This weekend, the Herald-Sun examined the local costs of Governor McCrory’s teacher pay plan. Local costs? Yup.
You see, most North Carolina school districts use local funds to support permanent teaching positions. For example, around one-quarter of the teaching positions in Durham are supported through local funding sources. So, when the state mandates a teacher pay increase, school districts must pay their locally-funded teachers with funds allotted by their respective county commissions. Gregory Childress of the Herald-Sun writes,
“We’re 100 percent behind our lower-paid teachers getting more competitive wages and being risen to the national average,” [Durham Public Schools Chief Financial Officer Aaron] Beaulieu said. “Most districts need to understand that the majority of that percentage is not coming from the state, it’s coming a lot of times as a local cost.”
DPS would see the added expense, Beaulieu said, because many of its early-career teachers, those with the lower salaries, are paid out of local funds while the district pays its more experienced teacher, those with higher salaries, out of its state appropriation.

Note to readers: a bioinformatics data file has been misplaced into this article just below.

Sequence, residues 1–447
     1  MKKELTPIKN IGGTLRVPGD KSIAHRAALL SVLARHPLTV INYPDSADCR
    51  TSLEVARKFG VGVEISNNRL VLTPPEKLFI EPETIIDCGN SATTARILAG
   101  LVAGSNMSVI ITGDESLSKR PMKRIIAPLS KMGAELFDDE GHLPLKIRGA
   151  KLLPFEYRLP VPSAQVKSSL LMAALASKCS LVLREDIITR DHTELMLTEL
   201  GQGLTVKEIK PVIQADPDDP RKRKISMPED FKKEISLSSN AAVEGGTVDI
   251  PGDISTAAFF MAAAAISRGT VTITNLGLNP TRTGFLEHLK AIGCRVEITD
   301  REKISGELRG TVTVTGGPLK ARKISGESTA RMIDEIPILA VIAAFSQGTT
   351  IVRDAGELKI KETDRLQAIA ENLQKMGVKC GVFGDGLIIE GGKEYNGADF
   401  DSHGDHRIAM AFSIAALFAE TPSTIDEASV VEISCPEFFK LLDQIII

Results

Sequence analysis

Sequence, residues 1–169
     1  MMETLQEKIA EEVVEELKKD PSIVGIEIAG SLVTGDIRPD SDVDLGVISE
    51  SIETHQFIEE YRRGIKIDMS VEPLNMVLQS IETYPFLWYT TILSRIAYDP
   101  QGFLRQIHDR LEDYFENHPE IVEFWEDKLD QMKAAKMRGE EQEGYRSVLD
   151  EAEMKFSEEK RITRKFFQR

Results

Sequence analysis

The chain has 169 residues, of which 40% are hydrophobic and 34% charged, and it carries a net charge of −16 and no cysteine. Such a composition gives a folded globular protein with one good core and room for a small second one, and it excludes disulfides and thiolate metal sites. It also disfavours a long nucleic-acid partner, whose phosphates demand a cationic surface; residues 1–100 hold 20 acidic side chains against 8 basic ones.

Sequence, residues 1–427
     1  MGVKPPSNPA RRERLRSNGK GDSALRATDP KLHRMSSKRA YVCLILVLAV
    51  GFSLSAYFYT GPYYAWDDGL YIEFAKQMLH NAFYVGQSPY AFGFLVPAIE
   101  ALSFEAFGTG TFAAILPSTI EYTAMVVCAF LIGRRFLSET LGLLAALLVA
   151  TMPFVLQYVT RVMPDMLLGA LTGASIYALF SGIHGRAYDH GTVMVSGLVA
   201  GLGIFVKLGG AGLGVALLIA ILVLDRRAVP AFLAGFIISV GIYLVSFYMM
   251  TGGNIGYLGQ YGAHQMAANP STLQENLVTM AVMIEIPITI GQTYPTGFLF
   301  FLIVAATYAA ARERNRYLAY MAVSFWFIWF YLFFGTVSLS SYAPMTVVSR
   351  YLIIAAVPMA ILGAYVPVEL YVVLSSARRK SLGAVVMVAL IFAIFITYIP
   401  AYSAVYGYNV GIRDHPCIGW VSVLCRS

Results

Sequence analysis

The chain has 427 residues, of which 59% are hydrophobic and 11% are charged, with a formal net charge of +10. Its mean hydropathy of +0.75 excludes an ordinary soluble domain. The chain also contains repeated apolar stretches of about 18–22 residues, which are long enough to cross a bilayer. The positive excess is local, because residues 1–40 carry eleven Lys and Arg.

So, to match the governor’s proposed pay increase for early-career teachers and to also make adjustments to local teacher pay supplements, the district would have to dig deeper into its local appropriation.
In other words, school district officials are receptive to teacher pay increases, so long as they do not have to pay for any of it directly. But in the real world, that is not how it works.
Over the next few months, I expect officials from other school districts, including those who previously complained that public school teachers are underpaid, will carp about the local costs associated with raising teacher pay. Kudos to Mr. Childress for writing about one of the first.